• Having unpermitted notes during any exam or quiz. Only materials that a professor explicitly instructs students they may use during an examination are permitted.
  • Copying from other students during any exam or quiz.
  • Having unpermitted prior knowledge of any exam or quiz.
  • Copying or rewriting any homework or lab assignment from another student, or borrowing information for such assignments with the intention of presenting that work as one's own.
  • Using unpermitted materials or taking information from other students for a take-home exam. A take-home exam is an exam; therefore, it requires independent work. Students should follow the procedures given by the professor.

A note on collaboration. These standards require independent work by a student, except for those contexts where professors have specified forms of permitted collaboration with other students. If no form of collaboration has been specified, students must assume that none is permitted. Because assignments that involve group-based work can cause students to question what forms of collaboration are proper, they should seek guidance from their professors in all cases of doubt. Professors should make clear to students what forms of collaboration are permissible and impermissible. The standards on cheating do not prohibit students from studying together or from tutoring each other.


Plagiarism is any act of misrepresenting the sources of one's information and ideas. When writing essays, it is the act of presenting another person's written words or ideas as one's own. When reporting experimental work, it includes the acts of falsifying data and presenting another's data as one's own. In speeches, it involves quoting passages of others' speeches or written words without mention of the author. Plagiarism is also possible in art and music, if one makes use of a work of art or music in a way that violates the standards of attribution in those fields.

Plagiarism may be willful, as when a student knowingly copies a source without attribution, or negligent, as when a student fails to cite sources properly. Both willful and negligent instances of plagiarism are subject to penalty—in part because professors must judge the result of a student's work, not his or her intentions, and in part because students are expected to know and follow the standards for proper citation of sources.

Forms of plagiarism therefore include, but are not limited to:

  • Copying whole papers or passages from another student or from any source.
  • Allowing another student to copy or submit one's work.
  • Buying or obtaining a paper from any source, including term-paper sellers and internet sources, and submitting that paper or passages of it as one's own work.
  • Pasting a passage from the internet or any computer source into one's paper without quoting and attributing the passage.
  • Fabricating or falsifying a bibliography.
  • Falsifying one's results in scientific experiments, whether through fabrication or copying them from another source.
  • Appropriating another person's computer programming work for submission as an assignment.
  • When creating a web page, film, or musical composition as a course assignment, failing to attribute material that comes from other media or failing to obtain proper permission for the use of such material.
  • Any other appropriation of another's intellectual property without proper attribution.
  • Submitting an assignment that one wrote during a previous semester or submitting the same assignment for more than one class simultaneously. This action includes reusing substantial portions of previously written work for a current assignment. (Students who are unsure of what work of their own they may use in preparing an assignment should consult their professors.) Assignments must be written the semester in which they assigned unless a professor approves of the use of previously written material with specific guidelines. Assignments may be submitted for credit in a single course only unless professors in multiple courses are informed of and approve of the multiple submissions.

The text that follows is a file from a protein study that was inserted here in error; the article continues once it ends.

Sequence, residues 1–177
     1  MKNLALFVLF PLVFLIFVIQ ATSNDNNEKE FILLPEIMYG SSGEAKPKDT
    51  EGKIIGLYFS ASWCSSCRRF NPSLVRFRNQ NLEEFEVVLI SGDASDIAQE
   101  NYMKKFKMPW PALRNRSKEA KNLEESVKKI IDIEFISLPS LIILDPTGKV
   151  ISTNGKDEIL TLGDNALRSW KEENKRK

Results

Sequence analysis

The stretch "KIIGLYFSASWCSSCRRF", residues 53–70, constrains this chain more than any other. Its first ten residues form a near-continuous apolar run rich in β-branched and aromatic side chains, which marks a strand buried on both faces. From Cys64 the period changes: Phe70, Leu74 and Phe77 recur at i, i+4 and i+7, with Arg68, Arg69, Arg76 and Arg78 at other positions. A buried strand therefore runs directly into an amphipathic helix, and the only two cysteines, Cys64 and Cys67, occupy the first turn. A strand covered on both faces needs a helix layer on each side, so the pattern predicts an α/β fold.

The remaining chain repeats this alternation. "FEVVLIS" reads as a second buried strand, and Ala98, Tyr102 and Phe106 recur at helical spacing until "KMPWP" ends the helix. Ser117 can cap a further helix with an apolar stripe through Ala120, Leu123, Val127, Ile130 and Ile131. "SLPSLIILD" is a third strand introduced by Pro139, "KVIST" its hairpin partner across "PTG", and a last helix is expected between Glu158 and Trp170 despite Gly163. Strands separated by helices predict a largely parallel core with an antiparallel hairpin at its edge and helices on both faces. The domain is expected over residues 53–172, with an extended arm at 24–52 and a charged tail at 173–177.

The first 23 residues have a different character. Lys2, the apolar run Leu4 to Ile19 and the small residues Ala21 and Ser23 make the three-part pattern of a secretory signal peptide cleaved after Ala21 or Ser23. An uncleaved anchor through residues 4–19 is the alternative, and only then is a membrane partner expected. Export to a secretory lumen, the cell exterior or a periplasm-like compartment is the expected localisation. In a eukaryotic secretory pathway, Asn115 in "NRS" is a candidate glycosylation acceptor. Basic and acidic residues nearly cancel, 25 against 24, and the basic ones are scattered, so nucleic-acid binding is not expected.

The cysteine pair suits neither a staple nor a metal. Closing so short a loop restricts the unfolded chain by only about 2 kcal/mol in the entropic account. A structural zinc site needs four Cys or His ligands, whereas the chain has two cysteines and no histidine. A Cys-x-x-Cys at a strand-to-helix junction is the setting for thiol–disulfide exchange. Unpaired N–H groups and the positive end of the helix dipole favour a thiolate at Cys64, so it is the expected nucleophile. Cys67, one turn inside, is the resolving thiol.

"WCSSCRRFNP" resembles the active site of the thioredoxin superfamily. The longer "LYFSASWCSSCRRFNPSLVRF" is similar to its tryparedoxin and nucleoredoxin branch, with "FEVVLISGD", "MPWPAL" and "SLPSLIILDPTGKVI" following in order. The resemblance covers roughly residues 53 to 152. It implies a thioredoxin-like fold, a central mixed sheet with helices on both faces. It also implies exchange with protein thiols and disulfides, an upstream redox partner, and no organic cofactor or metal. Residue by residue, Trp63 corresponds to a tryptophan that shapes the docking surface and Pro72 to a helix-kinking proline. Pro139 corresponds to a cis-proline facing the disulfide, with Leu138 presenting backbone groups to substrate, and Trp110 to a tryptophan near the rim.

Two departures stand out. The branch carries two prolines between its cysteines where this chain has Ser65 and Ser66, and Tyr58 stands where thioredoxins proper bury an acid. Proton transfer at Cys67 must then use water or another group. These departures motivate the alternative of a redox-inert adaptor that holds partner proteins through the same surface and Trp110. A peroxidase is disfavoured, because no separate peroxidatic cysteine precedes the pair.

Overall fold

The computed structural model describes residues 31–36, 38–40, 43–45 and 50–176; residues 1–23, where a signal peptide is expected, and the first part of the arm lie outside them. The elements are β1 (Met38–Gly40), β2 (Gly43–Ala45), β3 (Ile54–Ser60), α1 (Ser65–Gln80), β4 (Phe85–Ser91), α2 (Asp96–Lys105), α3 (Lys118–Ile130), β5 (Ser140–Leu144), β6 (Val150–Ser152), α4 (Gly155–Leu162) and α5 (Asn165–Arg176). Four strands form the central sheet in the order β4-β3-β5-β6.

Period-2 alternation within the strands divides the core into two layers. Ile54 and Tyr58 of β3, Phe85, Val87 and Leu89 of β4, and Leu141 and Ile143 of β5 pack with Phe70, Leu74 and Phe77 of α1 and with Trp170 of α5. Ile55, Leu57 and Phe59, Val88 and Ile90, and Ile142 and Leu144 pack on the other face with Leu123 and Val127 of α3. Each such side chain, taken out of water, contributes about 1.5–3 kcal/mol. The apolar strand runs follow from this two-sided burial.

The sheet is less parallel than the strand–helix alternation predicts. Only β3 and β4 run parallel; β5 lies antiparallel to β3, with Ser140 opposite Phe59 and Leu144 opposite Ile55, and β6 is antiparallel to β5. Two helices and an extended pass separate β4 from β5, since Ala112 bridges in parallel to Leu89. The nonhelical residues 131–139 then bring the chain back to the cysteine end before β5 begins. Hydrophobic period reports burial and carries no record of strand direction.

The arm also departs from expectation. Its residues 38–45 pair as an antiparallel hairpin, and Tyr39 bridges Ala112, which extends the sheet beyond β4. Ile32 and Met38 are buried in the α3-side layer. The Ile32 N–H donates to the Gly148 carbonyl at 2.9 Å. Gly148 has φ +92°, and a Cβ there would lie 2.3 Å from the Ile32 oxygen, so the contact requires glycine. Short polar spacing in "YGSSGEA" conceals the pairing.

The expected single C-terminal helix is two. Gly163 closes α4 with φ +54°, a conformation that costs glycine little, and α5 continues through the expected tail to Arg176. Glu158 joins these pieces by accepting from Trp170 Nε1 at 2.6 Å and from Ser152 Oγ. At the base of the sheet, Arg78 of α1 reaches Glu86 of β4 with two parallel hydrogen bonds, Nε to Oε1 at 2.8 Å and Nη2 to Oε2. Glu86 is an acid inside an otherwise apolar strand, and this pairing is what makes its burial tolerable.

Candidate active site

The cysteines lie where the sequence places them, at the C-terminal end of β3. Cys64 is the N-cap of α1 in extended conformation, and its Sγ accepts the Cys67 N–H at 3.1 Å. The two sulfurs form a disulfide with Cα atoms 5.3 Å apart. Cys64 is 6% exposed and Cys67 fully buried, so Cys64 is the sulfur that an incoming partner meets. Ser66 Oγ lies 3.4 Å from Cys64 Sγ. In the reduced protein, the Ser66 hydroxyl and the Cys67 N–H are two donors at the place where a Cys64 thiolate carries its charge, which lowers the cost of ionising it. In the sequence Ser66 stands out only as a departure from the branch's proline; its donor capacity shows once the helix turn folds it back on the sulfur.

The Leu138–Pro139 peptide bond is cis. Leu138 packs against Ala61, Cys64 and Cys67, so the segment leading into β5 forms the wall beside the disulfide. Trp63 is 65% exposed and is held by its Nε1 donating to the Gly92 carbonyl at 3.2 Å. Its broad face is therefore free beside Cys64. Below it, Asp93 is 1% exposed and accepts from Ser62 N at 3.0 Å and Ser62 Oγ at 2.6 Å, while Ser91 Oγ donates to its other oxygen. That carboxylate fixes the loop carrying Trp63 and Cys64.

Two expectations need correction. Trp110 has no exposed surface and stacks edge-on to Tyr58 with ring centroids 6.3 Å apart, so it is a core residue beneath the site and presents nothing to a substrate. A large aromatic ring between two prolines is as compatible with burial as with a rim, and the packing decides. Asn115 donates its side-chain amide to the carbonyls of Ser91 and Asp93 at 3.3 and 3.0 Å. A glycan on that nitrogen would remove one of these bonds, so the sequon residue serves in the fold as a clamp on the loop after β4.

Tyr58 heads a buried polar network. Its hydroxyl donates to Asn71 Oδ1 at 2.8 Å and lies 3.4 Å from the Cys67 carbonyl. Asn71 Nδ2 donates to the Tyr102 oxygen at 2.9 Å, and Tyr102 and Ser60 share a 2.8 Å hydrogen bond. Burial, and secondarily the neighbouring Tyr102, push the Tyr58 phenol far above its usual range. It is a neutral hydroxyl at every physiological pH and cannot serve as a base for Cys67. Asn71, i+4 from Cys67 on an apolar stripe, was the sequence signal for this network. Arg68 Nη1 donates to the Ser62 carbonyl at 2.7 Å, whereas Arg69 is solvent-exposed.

A note on improper citation. Improper citation of sources occurs when a student presents all the sources he or she used in preparing a paper but fails to attribute quotations and information from those sources in the body of the paper. Specific examples include:

  • Failure to use quotation marks for direct quotes or for an author's distinctive phrases. (A rule of thumb to follow is that five or more words in succession from a source must be enclosed in quotation marks.)
  • Following an author's structure of writing and ideas, but rephrasing the sentences partially to give the impression that the whole passage reflects the student's structure and ideas.
  • Failure to give page numbers for quotations or for other information that did not originate with the student.

Such acts fall under the rubric of plagiarism. Because they sometimes do not involve willful misrepresentation, professors may have more lenient policies in dealing with them. Yet students should strive to cite all information properly and should note that professors have the discretion to treat these cases as seriously as the forms of plagiarism listed above.


Other forms of unethical behavior that disrupt the processes of learning, teaching, and research include:

  • Providing to other students exams or papers of one's own or from any source with the reasonable expectation that these will be used for the purpose of cheating or plagiarism.
  • Maintaining a file of exams or papers with the reasonable expectation that these will be used for the purpose of cheating or plagiarism.
  • Theft and damage of library materials.